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Training by Feel….or by Time?

For years, the sage advice of classical dressage master Nuno Oliveira guided my daily rides. I had read a quote by him deriding the use of a watch or any kind of timepiece when schooling a horse. His philosophy was that riders needed to school by feeling and responding to the horse rather than by any kind of external measurements or parameters. I adopted this idea wholeheartedly for many years, modulating the duration of my training exercises and sessions based on how I felt the horse was, or was not, making gains from them. Over time, however, two realities altered this approach for Read the full article…

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Cross-Training 2.0

Cross-training used to be something I casually promoted. Nowadays, I support it like a zealot. In fact, I might even argue that one cannot call herself a horse trainer unless she follows a cross-training program. My increasing commitment has risen in equal parts from exercise physiology research and my hands-on training results. Unquestionably, the most efficient way to improve a body’s mechanics and movement is through varied training stimulus. The fact that more riders do not cross-train weekly puzzles me. And yet I recognize that maintaining this routine might seem time-consuming, daunting, or possibly even frivolous. It needs not be Read the full article…

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Focus and Fitness in Horses

What Does Focus Have to do with Fitness? It is a conundrum that many riders have faced in the midst of consistent, focused effort: despite hours of invested time and exercises, the horse’s fitness and athleticism show no improvement. Even the most wisely chosen exercises do not seem to be working. One explanation for this might be due to the precision with which they are executed. Research from the past few years, though, has revealed an alternative—and surprisingly non-physical—explanation for some of these cases. What we have learned recently about horses’ brain function shows us that curiosity, or mental engagement, Read the full article…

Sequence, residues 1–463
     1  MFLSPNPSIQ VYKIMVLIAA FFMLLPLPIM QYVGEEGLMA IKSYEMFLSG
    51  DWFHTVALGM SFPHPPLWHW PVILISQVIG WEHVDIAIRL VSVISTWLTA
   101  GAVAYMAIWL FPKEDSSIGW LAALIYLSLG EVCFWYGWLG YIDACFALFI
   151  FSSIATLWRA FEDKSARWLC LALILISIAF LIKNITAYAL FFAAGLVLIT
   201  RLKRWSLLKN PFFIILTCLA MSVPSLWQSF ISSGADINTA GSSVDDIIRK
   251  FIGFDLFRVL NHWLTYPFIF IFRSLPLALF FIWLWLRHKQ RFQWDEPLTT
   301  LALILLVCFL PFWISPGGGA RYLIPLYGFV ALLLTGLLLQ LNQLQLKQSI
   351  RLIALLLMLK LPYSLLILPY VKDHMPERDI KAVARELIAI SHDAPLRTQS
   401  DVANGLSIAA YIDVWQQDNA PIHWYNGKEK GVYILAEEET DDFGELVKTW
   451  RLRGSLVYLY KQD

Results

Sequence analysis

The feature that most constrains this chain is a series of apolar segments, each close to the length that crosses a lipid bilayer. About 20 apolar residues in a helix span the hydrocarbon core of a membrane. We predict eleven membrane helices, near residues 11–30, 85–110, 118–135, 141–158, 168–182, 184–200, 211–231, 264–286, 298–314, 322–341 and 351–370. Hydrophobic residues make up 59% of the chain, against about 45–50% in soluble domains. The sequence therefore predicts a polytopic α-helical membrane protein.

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Conditioning Horses: Stability before Strength

For most horses, it is in the area of strength that they can—and need to—make the most gains. Evolution has given horses remarkable aerobic adaptations. Generally speaking, they make rapid gains from cardiovascular exercise and their bodies handle aerobic demands efficiently. Their musculoskeletal system, however, lacks the same adaptability. Most often when a horse cannot perform a particular task, it is due to insufficient muscular strength, coordination, or motor/sensory nerve recruitment. So does this mean you should spend a lot of time trying to increase your horse’s strength? Yes, but with a caveat. You cannot build strength until you have Read the full article…

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The Not-So-Scientific Training Challenge

If you have spent any time trying to train horses to accomplish physical goals, like moving more athletically, chances are good you have discovered that some individuals are more willing than others. Much as I would like to offer science-based explanations for this, I believe a lot of it owes to a less scientific trait that we’ll call ‘personal space.’ During recent clinic observations, I heard author and trainer Mary Wanless use this term to refer to a horse that was tickly in his back muscles. This made it difficult for his rider to help him travel with his back Read the full article…

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